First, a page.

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Press Releases :: October 8, 2008

Innovation Will Solve America’s Energy, Economic Needs, Chairman Tells Zakaria

(Washington, DC) –The House Committee on Science and Technology Chairman Bart Gordon (D-TN) offered the following statement on his recent discussion with Dr. Fareed Zakaria in this week’s Newsweek.  Chairman Gordon also discussed the topic on Newsweek On Air, which is available via podcast. 

I am glad that Dr. Zakaria and Newsweek are shining a light on the important issue of energy independence and how, in addition to meeting our need for sustainable, affordable energy, creating new energy technologies will help us create jobs and reinvigorate our economy. 

About half of the U.S.’s growth in GDP over the last 50 years is due to the development and adoption of new technologies.  The pursuit and development of new energy technologies will be the key to our economic competitiveness over the next fifty years. 

As I discussed with Dr. Zakaria, the Advanced Research Projects Agency for Energy, or ARPA-E, is uniquely positioned to be the bridge to a new energy economy. 

The full burden of developing these new technologies cannot fall exclusively to the business community.  Companies have to be accountable to stock holders, so their legitimate fear of failure means they are focused on tested ideas and near-term research.  The current system at the Department of Energy limits pursuit of cross-cutting and multi-disciplinary ideas. 

This is a time when we need radical breakthroughs, not incremental change. 

ARPA-E will bring together the best and the brightest from all sectors—national labs, academia, the private sector, even individual inventors—in a way that has never been done in energy research.  It will give them the resources and the autonomy they need, and it will get bureaucracy of their way so they can pursue high risk, high reward energy research and technology development.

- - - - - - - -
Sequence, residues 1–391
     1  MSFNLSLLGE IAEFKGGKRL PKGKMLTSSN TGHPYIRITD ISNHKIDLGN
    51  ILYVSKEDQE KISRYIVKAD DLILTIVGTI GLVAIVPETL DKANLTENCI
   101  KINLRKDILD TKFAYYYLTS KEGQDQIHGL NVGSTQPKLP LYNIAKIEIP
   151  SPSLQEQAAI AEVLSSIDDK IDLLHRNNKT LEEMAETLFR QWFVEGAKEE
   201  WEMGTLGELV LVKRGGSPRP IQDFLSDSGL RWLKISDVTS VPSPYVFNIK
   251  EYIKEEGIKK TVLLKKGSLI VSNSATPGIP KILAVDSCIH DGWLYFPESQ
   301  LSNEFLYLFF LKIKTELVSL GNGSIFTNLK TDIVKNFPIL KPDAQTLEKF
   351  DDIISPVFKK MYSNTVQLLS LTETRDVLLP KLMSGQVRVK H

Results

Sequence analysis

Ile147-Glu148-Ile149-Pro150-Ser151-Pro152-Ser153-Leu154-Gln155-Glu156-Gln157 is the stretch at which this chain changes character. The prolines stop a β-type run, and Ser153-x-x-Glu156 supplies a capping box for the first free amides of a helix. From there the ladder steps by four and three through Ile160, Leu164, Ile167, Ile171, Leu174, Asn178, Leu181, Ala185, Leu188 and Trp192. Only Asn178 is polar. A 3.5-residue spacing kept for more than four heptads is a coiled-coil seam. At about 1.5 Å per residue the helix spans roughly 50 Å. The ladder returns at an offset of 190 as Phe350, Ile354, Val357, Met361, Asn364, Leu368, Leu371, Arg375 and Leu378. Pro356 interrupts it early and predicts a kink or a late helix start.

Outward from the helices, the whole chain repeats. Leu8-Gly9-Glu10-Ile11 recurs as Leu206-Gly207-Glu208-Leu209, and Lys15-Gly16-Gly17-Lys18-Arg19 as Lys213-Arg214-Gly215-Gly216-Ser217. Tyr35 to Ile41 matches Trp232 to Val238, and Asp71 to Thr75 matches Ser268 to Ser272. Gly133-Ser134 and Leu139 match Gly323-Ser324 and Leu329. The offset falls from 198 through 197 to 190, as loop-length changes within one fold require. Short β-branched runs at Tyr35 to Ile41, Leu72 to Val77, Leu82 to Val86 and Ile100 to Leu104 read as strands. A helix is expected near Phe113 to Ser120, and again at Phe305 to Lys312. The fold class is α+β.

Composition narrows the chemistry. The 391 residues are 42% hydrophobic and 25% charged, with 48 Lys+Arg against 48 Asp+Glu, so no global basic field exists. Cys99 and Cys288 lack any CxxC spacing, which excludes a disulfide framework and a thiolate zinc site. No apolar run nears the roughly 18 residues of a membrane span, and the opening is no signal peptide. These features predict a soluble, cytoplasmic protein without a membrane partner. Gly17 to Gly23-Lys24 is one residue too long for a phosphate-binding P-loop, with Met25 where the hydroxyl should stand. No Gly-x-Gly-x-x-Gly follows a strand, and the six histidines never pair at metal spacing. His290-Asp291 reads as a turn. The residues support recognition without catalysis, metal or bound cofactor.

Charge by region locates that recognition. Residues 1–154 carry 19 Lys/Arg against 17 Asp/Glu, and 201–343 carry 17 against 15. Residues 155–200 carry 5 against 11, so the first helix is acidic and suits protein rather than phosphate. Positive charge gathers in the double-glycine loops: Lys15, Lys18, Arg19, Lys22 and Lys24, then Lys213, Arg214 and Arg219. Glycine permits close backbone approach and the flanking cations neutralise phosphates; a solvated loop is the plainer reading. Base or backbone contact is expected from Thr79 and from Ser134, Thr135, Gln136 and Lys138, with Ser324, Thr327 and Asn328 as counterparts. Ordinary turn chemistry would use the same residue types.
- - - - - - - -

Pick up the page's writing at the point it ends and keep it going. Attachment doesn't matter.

Because the market actors will be involved from the beginning, the tech transfer will be much more efficient than the current infrastructure.  Everyone is on the same page that the goal is to get these technologies into the market and into wide use as quickly as possible. 

The U.S. uses tax credits and incentives to encourage adoption of existing alternative energy technologies, as we passed in the rescue package.  That is an important step.  We also need the research to make clean energies so cost competitive that any business model would encourage their use.

ARPA-E was modeled after the highly successful DARPA, which fostered a culture of innovation at the Department of Defense.  DARPA’s list of credits includes stealth technology, body armor, GPS, and the internet.

ARPA-E is already law; it was signed into law as part of the America COMPETES Act, which passed with broad bipartisan support.  The House has proposed seed funding for ARPA-E at $15 million to cover the initial start-up costs.  To do the research, ARPA-E will need to be funded at the $300 million level called for in the legislation.  It will fall to the next president to make this research a priority.” 

For more information, including background on ARPA-E or the America COMPETES Act, please visit the Committee’s website




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